W3C home > Mailing lists > Public > www-tag@w3.org > April 2008

Re: Uniform access to descriptions

From: Pat Hayes <phayes@ihmc.us>
Date: Sat, 12 Apr 2008 22:02:33 -0500
Message-Id: <p06230904c42723b6fd18@[]>
To: Michaeljohn Clement <mj@mjclement.com>
Cc: wangxiao@musc.edu, "www-tag@w3.org WG" <www-tag@w3.org>, noah_mendelsohn@us.ibm.com, Jonathan Rees <jar@creativecommons.org>, Phil Archer <parcher@icra.org>, "Williams, Stuart (HP Labs, Bristol)" <skw@hp.com>
At 2:05 PM -0600 4/12/08, Michaeljohn Clement wrote:
>Thank you, this illuminates the discussion a great deal,
>especially now that Xiaoshu has confirmed its correspondence
>with his intentions.
>This immediately raises, for me, some questions (for Pat or
>Xiaoshu or anyone):
>- Is this view an accurate view of the Web which exists?
>   A goal?  Or simply an alternative, interesting idea?
>(I would say only the latter.  And I thought I detected a bit of a
>gleam in your eye, Pat, throughout.)

Yes. The gleam actually was a realization that this was (more or 
less) the picture I had formed when I first set out to read the REST 
work, in order to try to find out what the hell the TAG were actually 
saying; and slowly, painfully coming to the realization that words 
which peppered the awww literature which had seemed familiar - in 
particular, 'representation' - were in fact being used there with a 
highly unusual and special meaning. And yet, the whole story did seem 
to make a kind of sense when the wider meaning was used. I had never, 
until now, followed up that elusive notion.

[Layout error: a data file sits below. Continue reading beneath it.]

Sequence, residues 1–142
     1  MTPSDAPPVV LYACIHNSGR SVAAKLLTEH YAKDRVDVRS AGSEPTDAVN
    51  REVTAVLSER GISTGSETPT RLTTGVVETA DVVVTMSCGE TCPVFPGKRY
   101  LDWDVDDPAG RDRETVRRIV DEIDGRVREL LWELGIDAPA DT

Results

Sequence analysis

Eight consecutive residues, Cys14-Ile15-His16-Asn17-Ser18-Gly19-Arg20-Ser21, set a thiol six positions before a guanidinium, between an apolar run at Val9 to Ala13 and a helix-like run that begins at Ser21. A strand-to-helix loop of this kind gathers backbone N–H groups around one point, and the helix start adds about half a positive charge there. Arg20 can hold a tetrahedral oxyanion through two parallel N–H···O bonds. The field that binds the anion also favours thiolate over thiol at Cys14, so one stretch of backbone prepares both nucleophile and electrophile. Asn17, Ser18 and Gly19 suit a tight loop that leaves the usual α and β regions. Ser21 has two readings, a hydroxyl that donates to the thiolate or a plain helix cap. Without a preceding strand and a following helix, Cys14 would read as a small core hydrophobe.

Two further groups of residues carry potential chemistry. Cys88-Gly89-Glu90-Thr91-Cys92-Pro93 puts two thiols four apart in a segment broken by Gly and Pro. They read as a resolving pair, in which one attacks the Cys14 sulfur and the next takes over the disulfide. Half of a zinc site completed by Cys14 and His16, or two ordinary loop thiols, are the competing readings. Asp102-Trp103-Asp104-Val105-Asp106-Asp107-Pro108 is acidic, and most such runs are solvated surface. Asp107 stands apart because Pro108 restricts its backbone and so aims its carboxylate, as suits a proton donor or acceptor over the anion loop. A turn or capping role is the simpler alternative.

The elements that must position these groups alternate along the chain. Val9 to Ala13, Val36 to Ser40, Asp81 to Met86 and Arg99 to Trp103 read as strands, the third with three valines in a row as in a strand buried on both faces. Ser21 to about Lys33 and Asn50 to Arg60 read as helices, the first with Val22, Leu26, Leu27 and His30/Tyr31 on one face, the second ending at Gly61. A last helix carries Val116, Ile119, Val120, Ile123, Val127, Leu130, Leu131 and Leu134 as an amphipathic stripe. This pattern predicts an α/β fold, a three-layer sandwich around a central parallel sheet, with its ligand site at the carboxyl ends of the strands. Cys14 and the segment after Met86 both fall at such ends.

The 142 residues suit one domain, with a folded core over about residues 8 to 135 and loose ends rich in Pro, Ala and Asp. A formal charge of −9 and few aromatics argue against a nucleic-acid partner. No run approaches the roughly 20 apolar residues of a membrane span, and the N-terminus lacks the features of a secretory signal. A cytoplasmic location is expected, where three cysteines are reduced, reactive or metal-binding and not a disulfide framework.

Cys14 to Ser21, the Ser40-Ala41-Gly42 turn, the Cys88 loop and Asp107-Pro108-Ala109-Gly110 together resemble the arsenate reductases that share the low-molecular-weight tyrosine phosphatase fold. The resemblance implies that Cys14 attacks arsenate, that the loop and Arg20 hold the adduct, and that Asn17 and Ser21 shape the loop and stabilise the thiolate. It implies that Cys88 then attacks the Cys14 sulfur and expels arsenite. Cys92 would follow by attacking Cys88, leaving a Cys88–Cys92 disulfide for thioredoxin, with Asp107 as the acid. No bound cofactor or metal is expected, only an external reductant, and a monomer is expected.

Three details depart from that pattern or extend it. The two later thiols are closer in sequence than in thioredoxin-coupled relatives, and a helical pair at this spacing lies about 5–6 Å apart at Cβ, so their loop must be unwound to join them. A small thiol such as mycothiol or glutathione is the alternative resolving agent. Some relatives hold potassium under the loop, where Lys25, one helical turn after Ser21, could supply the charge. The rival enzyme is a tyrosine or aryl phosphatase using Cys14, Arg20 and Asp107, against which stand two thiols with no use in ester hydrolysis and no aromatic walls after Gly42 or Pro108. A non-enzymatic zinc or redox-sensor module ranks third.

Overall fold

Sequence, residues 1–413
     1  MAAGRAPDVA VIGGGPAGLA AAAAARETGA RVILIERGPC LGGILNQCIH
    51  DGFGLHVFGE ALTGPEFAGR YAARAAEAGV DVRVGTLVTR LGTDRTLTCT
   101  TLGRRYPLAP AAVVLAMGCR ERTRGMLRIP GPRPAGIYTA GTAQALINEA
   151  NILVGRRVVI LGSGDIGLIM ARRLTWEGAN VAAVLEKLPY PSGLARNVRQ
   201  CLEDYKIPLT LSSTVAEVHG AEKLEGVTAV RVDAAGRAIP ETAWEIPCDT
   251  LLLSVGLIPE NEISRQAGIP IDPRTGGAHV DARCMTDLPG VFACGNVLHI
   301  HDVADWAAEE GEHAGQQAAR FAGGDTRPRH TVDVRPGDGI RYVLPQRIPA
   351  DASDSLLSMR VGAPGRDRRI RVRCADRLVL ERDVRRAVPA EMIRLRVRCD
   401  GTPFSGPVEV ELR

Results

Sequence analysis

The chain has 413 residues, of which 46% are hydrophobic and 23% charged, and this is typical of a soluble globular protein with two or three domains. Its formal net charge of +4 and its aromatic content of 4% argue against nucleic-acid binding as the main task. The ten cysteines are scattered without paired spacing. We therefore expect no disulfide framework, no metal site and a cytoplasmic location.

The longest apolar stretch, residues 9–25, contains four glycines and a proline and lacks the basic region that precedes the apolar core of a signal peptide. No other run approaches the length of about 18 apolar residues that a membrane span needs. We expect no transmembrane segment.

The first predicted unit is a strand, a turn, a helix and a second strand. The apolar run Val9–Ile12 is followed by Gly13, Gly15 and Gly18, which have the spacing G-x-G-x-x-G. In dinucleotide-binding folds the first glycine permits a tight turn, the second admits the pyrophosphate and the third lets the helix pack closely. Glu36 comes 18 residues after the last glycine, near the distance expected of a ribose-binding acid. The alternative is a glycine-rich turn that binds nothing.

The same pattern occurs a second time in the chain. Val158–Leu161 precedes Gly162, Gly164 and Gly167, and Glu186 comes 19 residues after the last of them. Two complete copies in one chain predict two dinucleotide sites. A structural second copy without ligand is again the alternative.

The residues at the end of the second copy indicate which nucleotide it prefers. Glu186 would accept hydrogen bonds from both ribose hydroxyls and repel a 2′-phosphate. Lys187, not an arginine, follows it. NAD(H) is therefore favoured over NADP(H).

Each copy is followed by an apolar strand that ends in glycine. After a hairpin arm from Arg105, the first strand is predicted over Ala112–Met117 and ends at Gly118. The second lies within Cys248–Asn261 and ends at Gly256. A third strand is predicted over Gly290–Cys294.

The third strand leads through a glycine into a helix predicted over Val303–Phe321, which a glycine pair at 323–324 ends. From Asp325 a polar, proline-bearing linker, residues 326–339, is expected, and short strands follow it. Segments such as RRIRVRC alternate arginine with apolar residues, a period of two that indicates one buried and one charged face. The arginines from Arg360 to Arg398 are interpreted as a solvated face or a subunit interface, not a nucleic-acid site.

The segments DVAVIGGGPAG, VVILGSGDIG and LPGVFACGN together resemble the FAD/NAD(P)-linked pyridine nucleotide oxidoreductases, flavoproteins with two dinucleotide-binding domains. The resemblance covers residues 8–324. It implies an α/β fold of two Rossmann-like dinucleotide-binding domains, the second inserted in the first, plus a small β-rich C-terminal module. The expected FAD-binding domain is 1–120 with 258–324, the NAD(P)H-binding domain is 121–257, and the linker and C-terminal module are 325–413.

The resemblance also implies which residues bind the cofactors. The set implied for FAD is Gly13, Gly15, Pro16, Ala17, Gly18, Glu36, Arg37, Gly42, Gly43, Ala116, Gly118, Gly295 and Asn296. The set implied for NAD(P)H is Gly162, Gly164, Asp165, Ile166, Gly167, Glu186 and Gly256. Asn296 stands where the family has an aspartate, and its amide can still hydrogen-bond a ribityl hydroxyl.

>- Is the narrow, awww:represents meaning of 'represents' a problem
>   to be resolved by propagation of the original, broader English
>   meaning into the Web architecture?

Thats not how I would put it. The point is not to just get the 
terminology straight, but that the actual ideas seem to apply 
naturally to the more general picture; and these broader ideas of 
representation are now part of the Web, and are centrally involved 
with these discussions (whether traditional webarch likes it or not 

>   Or is the confusion a natural result of the co-option of an English
>   word as a technical term, comparable to our use of words such as
>   "server" and "client", in which case it should be resolved in other
>   ways, viz education and clarification?
>Again I would say the latter.

If it were just a matter of terminology, I would agree. In fact, Ive 
been trying to do exactly that for some time now.

>- Would the effective dropping of awww:resources out of the universe
>   of (convenient) discourse a desirable or acceptable state of affairs?

I wouldn't suggest that for a moment. I agree, information resources 
are real things and we must be able to talk about them. And the 
problem that http-range-14 tackles is still with us and needs to be 
solved somehow.


>>  We might call it a storyteller for R. R might have a whole lot of
>>  storytellers, each capable of telling different kinds of story about R.
>A question mostly for Xiaoshu:
>- In this view, do you consider it desirable for a storyteller to be able
>   to tell precisely 0 or 1 stories about R per media type?

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Received on Sunday, 13 April 2008 03:03:19 UTC

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